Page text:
The trailer park is a much bigger space and no one has to take away a huge chunk of the single-family zone to put the high-density housing there. The Palo Alto Housing Corporation has as much pull in that development as this one.
If the city was going to get involved in this neighborhood, the kids here need OPEN SPACE more than anything. When PAUSD took back Terman, it limited open space in this area even further as the school uses the space back there most of the day now and the community no longer has the same access as before.
The city should consider leaving that lot as open space, including the majestic old oaks, integrating it with Juana Briones park since it's right across the street, and putting one of the underground wells there. This is after all the only part of Palo Alto really outside of a liquifaction hazard zone. It would be a smart place to put the emergency well right next to a park that will also be a post-quake community site -- well, at least if there is still space for the neighbors should the zoning be left alone -- and frankly, we could use the extra space.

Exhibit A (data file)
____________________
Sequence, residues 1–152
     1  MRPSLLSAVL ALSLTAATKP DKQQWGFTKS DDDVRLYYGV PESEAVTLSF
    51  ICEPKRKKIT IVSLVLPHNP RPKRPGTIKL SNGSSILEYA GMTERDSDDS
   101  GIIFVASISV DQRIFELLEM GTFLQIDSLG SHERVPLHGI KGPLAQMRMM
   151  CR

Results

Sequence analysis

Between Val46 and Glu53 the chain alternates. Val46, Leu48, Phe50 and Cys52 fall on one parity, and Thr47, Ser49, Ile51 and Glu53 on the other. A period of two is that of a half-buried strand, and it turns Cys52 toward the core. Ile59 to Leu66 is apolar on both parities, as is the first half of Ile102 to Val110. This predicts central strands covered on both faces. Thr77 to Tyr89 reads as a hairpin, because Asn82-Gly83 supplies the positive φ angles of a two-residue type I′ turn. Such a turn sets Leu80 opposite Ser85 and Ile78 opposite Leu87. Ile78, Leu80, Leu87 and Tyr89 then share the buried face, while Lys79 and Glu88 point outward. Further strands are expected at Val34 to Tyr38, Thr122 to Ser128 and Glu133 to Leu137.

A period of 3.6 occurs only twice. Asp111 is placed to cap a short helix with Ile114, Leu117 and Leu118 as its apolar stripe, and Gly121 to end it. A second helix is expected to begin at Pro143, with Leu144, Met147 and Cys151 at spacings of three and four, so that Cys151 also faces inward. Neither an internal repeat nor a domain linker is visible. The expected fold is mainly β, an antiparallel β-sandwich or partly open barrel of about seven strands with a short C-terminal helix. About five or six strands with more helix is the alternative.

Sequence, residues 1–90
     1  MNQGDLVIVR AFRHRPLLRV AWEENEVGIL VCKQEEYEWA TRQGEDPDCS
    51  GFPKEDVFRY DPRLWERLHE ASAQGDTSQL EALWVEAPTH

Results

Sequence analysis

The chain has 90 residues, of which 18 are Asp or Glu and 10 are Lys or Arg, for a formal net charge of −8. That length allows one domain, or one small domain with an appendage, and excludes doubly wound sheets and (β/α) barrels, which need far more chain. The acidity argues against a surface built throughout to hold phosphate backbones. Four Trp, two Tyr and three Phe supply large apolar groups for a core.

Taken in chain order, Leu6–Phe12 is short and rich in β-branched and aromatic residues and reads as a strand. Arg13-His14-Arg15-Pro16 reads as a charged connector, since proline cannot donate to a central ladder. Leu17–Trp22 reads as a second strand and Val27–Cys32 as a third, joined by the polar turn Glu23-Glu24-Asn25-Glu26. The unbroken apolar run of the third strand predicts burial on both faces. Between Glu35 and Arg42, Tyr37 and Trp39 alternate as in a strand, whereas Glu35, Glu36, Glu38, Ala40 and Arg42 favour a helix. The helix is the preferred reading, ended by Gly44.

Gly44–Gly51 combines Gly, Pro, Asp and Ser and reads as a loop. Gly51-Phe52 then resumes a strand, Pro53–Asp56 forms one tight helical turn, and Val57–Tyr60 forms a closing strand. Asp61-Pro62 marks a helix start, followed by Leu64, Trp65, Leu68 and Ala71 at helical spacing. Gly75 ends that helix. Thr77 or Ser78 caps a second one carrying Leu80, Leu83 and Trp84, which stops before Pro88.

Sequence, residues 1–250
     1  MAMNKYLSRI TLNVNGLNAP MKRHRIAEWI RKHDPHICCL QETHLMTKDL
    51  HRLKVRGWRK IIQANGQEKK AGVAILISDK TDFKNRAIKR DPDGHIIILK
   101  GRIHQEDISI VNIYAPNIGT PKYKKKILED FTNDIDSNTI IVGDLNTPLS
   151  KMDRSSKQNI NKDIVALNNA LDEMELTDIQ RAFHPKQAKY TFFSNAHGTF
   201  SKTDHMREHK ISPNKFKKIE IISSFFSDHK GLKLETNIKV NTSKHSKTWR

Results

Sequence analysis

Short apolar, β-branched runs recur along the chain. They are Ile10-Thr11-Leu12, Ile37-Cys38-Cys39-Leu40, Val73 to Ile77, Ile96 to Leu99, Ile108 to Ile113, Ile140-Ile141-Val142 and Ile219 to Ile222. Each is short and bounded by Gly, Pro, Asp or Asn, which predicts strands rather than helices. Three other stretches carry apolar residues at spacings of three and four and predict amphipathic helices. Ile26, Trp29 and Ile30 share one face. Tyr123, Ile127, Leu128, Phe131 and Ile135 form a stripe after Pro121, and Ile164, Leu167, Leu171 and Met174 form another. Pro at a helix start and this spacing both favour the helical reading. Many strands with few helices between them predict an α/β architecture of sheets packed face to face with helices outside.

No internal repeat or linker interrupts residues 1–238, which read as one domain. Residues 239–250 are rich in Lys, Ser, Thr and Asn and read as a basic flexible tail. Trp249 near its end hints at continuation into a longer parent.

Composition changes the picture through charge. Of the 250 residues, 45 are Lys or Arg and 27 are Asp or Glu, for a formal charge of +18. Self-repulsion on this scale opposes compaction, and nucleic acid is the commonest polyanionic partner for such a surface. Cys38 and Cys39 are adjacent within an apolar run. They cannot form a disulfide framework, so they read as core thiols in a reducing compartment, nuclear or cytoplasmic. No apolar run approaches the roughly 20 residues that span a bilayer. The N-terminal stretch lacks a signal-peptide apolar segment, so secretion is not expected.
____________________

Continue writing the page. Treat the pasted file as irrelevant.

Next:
Leaving the zoning as is for that part of our neighborhood is a far, far safer thing for the neighborhood. The city should have first offered to partner with the neighborhood to decide what to do with that plot instead of trying to carve out our neighborhood for high-density housing it could put so nearby at the trailer park much more safely and easily.
Posted by Garrett, a resident of another community, on Feb 17, 2013 at 2:33 pm
The owner of the trailer park is planning another type of housing project, yes it is high density rentals. Would he want to sell his property or investment at a loss.
Yes you could put all of Palo Alto seniors in East Palo Alto or Mountain View, where are the residents of those cities to live. How about 27 University, build 1 large office building, the rest high rise rentals. MacArthur Park can be dining hall.
Posted by lifetime resident, a resident of the Green Acres neighborhood, on Feb 17, 2013 at 7:10 pm